A bipartisan deal has been struck on a $2.1 billion bill that would boost support for the Capitol complex in the aftermath of the Jan. 6 insurrection, direct much-needed funds to the U.S. Capitol Police and provide humanitarian support for Afghan refugees.
Sen. Patrick Leahy, D-Vt., and Sen. Richard Shelby, R-Ala., who serve as chair and vice chair of the Senate Appropriations Committee, respectively, announced the deal Tuesday.
The Jan. 6 riot depleted funds from the police force, and the agreement came the same day two officers from the department testified on Capitol Hill about the attack.
- $70.7 million for overtime, hazard pay and retention bonuses for current officers; money to hire mental health counselors; and funds for training and new equipment, including riot control gear.
- $35.4 million for mutual aid agreements with local, state and federal law enforcement for help in securing the Capitol.
- $300 million to upgrade windows and doors, and install new security cameras.
- $42.1 million to respond to the COVID-19 pandemic at the complex, including for enhanced cleaning, personal protective equipment, telework equipment and emergency supplies.
- $521 million to reimburse the National Guard for deploying to the Capitol in the aftermath of the breach of the building.
Aid For Afghans
- $500 million for the Department of Defense to provide emergency transportation, housing and essential services to Afghan partners leaving the country as U.S. forces leave.
- $25 million for the Department of Health and Human Services to provide assistance to Afghans granted special immigration status once they have arrived in the United States to assist with resettlement.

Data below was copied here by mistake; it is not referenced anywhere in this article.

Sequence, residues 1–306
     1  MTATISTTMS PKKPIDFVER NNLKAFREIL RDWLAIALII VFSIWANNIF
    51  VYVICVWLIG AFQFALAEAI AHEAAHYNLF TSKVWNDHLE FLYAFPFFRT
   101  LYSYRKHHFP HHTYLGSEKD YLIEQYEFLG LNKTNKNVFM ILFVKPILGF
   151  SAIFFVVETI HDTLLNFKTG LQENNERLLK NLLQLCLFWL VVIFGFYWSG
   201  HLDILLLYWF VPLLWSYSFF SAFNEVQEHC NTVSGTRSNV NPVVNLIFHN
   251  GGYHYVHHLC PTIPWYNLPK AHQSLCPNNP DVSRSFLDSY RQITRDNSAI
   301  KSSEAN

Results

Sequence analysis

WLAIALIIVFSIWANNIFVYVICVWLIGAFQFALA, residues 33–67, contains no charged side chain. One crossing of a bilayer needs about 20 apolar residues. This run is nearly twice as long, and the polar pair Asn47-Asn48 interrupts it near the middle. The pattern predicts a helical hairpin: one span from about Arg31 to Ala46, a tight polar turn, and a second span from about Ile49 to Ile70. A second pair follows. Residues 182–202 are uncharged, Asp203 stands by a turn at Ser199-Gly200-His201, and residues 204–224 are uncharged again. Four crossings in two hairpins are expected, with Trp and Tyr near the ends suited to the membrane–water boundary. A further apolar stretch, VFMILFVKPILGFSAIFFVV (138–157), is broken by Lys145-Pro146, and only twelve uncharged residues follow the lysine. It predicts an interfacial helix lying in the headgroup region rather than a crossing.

- $600 million for the State Department for refugee and migration assistance, specifically the Afghan Special Immigrant Visa program, including $500 million to aid those who served as translators and in other capacities for the U.S. military.
"We have the responsibility to take care of the Capitol Police in the wake of their incredible service on January 6th, and to reimburse our National Guard for costs incurred protecting the Capitol," Leahy said in a statement. "And we have the moral responsibility to stand with our Afghan partners who stood with us through two decades of war. This bipartisan agreement addresses these critical needs, and it addresses them now because they cannot wait."
In his own statement, Shelby said he is "pleased this legislation sticks to immediate security needs."
"It is essential that we provide the National Guard and Capitol Police the funding they require without further delay," he said.
The deal was announced hours after the first hearing of the U.S. House select committee charged with investigating the Capitol attack on Jan. 6, where Capitol Police officers and Metropolitan Police officers gave harrowing, emotional testimonies about their experiences the day of the insurrection.